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Video conference meetings can boost business relationships and productivity

An overwhelming 94 per cent of people believe that face-to-face communications improve business relationships, according to a survey released by Blue Jeans Network.

It is a significant statistic, and one that sits well with the skyrocketing popularity of video conferencing. Platforms such as Skype are now a proven and reliable means of communicating across time zones in a cost-effective yet social manner, establishing video conferencing as an effective and efficient corporate communications tool.

Blue Jeans, a video collaboration service that represents over 30 per cent of the global video conferencing market, found in the survey conducted by that nearly three quarters (71 per cent) of respondents believed that they lost a deal due to a lack of face-to-face interaction. Another 54 per cent said that if an in-person meeting is not possible, video conferencing would be the best alternative - only 23 per cent and 14 per cent of people would prefer audio calls and email respectively.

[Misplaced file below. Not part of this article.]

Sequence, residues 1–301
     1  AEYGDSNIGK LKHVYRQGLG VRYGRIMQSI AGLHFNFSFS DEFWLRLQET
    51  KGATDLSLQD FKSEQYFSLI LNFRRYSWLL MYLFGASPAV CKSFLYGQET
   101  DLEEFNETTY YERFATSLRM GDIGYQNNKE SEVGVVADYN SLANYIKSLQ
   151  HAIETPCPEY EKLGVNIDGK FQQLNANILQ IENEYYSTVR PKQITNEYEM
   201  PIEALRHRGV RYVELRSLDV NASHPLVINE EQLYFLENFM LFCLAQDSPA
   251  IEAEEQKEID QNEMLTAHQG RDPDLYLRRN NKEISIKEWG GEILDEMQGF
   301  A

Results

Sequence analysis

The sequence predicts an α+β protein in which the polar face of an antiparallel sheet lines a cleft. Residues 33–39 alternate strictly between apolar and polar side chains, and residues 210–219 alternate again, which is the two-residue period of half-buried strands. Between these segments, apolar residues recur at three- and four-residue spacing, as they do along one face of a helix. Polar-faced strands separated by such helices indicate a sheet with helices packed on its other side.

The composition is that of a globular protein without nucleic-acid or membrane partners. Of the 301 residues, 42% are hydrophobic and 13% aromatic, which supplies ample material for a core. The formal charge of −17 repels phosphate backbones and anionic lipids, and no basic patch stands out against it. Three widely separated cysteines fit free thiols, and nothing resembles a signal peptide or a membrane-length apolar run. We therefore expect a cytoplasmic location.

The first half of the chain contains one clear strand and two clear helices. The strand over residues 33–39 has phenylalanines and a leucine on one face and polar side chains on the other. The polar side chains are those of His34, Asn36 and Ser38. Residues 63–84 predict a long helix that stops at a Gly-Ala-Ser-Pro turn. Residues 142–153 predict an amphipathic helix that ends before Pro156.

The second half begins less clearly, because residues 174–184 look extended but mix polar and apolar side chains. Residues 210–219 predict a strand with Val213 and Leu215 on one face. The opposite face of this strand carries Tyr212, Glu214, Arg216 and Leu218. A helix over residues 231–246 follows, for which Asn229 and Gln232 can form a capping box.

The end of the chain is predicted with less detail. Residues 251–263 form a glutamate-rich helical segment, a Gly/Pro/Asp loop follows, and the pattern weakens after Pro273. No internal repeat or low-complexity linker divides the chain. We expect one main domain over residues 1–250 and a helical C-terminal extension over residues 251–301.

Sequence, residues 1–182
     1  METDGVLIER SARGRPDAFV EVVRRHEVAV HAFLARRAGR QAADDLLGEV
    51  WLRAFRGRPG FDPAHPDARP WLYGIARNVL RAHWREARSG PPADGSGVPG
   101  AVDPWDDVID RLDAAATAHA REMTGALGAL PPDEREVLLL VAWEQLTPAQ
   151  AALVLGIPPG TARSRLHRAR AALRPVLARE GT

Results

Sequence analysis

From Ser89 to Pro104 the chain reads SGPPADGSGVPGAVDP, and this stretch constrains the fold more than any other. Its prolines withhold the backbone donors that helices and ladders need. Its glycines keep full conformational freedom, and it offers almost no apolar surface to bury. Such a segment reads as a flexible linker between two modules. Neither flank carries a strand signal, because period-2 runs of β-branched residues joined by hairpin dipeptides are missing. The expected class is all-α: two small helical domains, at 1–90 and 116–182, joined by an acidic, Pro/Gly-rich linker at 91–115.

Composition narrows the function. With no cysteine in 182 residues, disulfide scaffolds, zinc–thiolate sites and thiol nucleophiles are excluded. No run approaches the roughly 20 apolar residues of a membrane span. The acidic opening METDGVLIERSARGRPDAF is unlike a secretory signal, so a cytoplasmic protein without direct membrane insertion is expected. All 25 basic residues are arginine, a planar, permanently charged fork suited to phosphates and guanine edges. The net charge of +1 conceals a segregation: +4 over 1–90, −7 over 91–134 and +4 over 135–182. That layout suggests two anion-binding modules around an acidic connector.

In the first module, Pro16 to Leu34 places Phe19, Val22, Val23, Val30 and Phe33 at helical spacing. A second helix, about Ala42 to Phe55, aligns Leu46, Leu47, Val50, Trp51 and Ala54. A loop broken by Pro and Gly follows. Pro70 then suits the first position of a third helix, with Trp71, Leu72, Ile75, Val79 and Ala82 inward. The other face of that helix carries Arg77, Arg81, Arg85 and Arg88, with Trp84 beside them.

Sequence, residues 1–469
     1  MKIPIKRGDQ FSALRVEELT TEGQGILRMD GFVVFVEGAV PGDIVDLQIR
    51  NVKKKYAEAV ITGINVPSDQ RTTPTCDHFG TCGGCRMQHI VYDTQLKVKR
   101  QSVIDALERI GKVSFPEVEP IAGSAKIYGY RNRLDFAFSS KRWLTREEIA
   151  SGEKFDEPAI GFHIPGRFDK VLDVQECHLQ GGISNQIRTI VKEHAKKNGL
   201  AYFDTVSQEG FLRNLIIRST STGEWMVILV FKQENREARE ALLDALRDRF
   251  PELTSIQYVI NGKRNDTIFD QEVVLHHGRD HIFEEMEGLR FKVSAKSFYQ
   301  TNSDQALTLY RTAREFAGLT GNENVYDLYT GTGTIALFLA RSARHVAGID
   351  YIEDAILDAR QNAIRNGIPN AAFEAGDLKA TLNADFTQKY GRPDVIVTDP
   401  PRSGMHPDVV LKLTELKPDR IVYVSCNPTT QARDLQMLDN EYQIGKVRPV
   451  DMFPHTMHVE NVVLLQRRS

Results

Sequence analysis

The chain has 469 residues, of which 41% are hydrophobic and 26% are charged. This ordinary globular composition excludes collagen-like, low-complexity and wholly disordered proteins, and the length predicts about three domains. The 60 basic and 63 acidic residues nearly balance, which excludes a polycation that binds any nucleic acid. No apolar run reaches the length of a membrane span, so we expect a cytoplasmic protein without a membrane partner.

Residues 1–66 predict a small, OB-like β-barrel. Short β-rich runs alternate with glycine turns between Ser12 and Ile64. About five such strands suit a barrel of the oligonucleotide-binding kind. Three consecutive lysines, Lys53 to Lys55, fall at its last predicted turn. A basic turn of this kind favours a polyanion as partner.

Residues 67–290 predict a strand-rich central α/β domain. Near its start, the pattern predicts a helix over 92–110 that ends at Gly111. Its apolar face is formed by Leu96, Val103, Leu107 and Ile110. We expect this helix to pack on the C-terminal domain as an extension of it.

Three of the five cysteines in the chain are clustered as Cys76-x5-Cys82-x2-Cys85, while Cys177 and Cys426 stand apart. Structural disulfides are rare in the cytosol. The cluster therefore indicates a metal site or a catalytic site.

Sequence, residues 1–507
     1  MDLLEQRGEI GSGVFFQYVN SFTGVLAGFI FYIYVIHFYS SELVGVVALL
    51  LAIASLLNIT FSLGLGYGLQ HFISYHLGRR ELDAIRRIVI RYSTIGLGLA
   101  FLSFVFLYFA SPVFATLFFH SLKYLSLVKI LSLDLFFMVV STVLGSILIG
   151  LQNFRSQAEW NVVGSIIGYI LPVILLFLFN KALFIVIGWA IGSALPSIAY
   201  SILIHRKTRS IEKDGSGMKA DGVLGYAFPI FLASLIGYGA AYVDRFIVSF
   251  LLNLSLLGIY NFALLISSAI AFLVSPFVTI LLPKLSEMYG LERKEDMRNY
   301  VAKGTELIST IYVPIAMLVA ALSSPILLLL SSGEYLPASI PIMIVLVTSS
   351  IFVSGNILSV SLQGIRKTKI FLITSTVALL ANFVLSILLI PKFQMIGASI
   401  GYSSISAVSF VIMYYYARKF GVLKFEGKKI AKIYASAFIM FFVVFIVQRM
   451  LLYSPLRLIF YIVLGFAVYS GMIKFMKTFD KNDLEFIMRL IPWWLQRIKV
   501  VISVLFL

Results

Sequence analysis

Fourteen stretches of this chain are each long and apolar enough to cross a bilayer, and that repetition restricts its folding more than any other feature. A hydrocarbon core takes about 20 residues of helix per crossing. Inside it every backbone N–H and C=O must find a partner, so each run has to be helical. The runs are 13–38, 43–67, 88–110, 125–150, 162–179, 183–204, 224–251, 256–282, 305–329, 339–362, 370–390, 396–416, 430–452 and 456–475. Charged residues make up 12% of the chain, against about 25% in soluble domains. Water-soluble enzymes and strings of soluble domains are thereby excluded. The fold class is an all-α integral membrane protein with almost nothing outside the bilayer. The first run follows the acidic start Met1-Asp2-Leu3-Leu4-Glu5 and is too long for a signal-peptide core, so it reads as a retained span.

Going further, the overall productivity of audio only conference calls was called into question through the survey results, with 74 per cent of those surveyed saying that they multi-task when on the phone since their actions can’t be seen. Sixty nine per cent admit they have passed the time Facebooking, tweeting or taking other calls and, shockingly, six per cent of people confessed they’d even abandoned the call to take a nap.

The news is of great interest to Blue Jeans, which today officially launched its services in the UK. With over 700 businesses consuming approximately 10 million minutes a year on the cloud-based service alone, Britain is the second-largest market for the Californian company behind the US. Blue Jeans’s mission to enable more effective global collaboration between business partners and colleagues aims to make video communications as straight-forward as audio calls, which is good news for that 94 per cent of respondents who prefer to see a person when they talk to them.

The survey also found that talking to a person’s face is vital to avoiding preconceptions. Nearly all respondents – a staggering 94 per cent – reported that they are at least somewhat surprised by an associate's appearance after speaking on the phone. 60 per cent said that they regularly misread the tone of a message sent via email or phone and another 40 per cent said they’d mistaken someone’s gender before they’d had a visual connection.

If you’re thinking of investing in a video solution for your business, check out our top tips for how to go about choosing the one that’s right for you.